Medicolegal aspects

Richard Pawl

Research output: Chapter in Book/Report/Conference proceedingChapter


Part 1: Introduction: Discussing the law in the context of cardiovascular resuscitation would seem to involve a small number of topics. Most commonly, one might consider the malpractice consequences of negligence in the conduct of medical personnel performing cardiopulmonary resuscitation for a dying patient. Certainly, malpractice law is a legal aspect of cardiopulmonary resuscitation (CPR). Yet, because of the nature of the act of CPR, it rarely, alone, becomes the focus of malpractice litigation. Most commonly, malpractice litigation focuses upon the alleged malpractice that leads up to a patient 's resuscitation. However, when the resuscitative efforts of medical professionals are the focus of a malpractice suit, the legal theories may be similar to those one may find in other malpractice litigation (e.g., negligent administration of drugs or negligently performing procedures) to more unique causes of action that arise from the resuscitation of a patient with Do-Not-Resuscitate (DNR) orders, such as the wrongful life legal complaint when the patient designated as a “DNR patient” is successfully resuscitated. Indeed, the more one delves into topics related to the law and CPR, the more one finds that to do adequate justice to the topic one must study the bioethics of death and dying and the evolution of advanced directives and how they apply to all patients - competent and incompetent alike. Because the law relating to death and dying is at the cusp of the interface between bioethics and the law, one must also pursue an understanding of the evolution of our laws as they relate to personhood, self-autonomy, and privacy.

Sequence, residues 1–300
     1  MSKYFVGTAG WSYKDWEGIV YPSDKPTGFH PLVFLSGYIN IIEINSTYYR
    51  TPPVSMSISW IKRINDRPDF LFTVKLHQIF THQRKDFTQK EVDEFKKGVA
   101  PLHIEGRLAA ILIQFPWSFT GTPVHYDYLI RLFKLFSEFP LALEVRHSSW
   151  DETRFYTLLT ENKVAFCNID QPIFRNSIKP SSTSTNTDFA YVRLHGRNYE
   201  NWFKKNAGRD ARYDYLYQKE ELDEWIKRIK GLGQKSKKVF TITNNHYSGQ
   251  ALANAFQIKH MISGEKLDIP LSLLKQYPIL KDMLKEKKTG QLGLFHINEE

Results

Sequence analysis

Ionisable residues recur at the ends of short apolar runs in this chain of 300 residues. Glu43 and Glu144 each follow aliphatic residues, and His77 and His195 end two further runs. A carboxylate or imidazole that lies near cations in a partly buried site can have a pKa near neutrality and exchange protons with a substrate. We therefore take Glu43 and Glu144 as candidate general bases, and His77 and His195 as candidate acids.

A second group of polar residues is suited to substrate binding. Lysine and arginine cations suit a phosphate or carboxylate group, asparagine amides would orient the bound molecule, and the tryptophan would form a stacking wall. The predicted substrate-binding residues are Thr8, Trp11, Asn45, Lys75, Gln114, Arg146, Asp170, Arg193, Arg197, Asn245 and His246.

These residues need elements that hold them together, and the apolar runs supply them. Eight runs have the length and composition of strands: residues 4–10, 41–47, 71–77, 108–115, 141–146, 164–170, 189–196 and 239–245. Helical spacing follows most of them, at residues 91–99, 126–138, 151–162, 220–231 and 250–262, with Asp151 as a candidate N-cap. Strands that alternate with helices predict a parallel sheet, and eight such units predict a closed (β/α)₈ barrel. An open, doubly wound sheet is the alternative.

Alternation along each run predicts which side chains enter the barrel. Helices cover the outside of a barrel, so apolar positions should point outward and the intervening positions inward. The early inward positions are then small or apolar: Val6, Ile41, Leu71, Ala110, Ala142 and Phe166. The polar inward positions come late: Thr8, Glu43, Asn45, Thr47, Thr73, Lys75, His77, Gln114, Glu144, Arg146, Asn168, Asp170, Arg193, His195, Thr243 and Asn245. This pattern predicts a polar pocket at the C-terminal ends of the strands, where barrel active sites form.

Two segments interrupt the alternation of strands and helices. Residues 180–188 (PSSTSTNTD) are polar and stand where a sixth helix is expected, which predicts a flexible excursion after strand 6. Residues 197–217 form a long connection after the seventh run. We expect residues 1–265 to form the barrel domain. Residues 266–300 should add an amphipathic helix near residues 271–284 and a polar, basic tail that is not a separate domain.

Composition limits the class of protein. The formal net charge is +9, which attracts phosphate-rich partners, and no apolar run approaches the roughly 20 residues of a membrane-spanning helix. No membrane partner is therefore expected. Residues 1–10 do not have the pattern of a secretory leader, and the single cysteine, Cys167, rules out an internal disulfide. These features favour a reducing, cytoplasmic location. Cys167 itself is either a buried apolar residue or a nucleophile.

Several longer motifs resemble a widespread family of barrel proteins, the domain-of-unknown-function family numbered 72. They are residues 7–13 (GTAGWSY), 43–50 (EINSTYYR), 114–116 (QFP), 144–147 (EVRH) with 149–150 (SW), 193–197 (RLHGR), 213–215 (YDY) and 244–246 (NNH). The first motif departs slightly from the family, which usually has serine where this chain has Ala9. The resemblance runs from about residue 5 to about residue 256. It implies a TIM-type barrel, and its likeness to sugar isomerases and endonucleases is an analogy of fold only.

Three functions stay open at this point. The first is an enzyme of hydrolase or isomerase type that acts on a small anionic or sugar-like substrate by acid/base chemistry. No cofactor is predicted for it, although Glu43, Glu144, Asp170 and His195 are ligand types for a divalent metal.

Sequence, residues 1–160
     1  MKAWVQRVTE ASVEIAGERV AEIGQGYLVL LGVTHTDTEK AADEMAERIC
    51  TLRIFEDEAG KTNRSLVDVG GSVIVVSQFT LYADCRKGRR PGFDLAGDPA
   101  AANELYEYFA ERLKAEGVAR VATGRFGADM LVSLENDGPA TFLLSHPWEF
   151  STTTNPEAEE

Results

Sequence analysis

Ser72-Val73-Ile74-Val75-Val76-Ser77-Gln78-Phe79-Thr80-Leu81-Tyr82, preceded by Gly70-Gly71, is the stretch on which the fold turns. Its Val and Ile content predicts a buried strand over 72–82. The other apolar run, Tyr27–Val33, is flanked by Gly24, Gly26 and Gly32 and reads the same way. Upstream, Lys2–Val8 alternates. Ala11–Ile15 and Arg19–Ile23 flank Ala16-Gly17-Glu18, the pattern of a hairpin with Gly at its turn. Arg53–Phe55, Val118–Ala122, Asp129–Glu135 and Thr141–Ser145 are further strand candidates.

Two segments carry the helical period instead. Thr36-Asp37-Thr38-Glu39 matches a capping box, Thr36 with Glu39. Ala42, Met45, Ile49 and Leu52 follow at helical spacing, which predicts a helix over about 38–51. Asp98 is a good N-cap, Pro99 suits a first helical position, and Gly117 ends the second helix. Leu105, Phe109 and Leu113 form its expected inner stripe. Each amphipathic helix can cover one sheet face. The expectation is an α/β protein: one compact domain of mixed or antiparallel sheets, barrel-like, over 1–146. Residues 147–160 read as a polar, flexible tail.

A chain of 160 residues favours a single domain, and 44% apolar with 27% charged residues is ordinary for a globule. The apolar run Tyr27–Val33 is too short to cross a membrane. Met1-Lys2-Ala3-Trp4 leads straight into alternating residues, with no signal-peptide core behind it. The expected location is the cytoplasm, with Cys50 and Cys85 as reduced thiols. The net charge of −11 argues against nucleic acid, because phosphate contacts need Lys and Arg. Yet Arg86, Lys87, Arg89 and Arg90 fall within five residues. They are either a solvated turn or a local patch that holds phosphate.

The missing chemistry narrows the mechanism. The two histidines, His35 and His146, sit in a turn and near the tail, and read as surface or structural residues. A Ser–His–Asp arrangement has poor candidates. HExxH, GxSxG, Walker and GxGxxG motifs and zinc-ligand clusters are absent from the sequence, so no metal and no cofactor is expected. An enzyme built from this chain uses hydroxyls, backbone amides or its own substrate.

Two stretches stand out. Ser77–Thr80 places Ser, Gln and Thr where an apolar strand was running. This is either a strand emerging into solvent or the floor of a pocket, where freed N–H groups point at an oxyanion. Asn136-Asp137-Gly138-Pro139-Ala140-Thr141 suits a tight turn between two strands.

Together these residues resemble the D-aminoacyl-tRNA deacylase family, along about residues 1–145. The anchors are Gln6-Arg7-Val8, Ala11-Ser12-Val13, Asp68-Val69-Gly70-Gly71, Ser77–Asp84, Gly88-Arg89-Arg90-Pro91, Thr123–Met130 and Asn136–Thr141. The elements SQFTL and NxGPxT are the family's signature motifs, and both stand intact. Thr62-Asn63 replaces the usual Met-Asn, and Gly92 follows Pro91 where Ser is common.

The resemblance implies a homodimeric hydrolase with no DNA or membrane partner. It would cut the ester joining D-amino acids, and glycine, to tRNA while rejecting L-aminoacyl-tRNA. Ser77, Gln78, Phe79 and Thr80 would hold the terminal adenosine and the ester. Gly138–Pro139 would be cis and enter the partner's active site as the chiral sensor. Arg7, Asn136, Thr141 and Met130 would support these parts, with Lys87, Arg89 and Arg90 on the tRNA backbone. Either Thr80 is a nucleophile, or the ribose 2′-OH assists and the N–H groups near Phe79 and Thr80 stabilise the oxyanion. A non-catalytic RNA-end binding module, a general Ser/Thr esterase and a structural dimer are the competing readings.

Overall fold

Original languageEnglish (US)
Title of host publicationCardiac Arrest
Subtitle of host publicationThe Science and Practice of Resuscitation Medicine
PublisherCambridge University Press
Number of pages18
ISBN (Electronic)9780511544828
ISBN (Print)05218470041, 9780521847001
StatePublished - Jan 1 2007

ASJC Scopus subject areas

  • Medicine(all)


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